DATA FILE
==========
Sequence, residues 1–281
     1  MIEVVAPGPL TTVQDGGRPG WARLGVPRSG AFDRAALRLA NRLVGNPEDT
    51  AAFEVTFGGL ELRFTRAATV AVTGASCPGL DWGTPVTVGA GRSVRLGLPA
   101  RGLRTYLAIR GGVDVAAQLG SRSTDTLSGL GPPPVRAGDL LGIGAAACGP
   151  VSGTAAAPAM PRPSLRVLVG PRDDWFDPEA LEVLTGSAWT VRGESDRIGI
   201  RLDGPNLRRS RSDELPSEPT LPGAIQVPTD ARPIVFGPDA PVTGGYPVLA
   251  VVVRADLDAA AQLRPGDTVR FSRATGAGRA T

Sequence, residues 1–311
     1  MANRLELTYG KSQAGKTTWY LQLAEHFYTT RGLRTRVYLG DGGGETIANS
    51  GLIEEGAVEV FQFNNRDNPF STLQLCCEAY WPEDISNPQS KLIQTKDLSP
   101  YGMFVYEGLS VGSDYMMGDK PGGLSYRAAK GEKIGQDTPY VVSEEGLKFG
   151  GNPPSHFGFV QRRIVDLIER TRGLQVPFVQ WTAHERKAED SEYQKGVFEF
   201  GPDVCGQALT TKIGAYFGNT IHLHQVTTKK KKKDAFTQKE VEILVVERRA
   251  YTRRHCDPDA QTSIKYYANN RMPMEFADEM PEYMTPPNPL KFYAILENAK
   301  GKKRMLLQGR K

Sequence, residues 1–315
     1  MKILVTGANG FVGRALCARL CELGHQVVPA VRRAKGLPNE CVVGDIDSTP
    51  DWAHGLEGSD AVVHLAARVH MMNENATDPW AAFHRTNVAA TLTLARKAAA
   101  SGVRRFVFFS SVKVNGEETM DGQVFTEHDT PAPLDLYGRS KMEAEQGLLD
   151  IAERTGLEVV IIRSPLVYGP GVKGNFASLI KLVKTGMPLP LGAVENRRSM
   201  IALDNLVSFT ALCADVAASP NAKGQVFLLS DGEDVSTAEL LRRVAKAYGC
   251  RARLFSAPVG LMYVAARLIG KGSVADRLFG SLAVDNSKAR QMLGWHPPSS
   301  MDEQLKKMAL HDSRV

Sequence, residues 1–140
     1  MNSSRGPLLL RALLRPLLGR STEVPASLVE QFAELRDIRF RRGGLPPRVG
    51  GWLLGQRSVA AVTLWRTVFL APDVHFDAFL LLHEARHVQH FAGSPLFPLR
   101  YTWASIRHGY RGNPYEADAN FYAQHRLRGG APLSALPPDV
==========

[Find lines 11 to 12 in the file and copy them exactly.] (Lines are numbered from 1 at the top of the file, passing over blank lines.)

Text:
   101  YGMFVYEGLS VGSDYMMGDK PGGLSYRAAK GEKIGQDTPY VVSEEGLKFG
   151  GNPPSHFGFV QRRIVDLIER TRGLQVPFVQ WTAHERKAED SEYQKGVFEF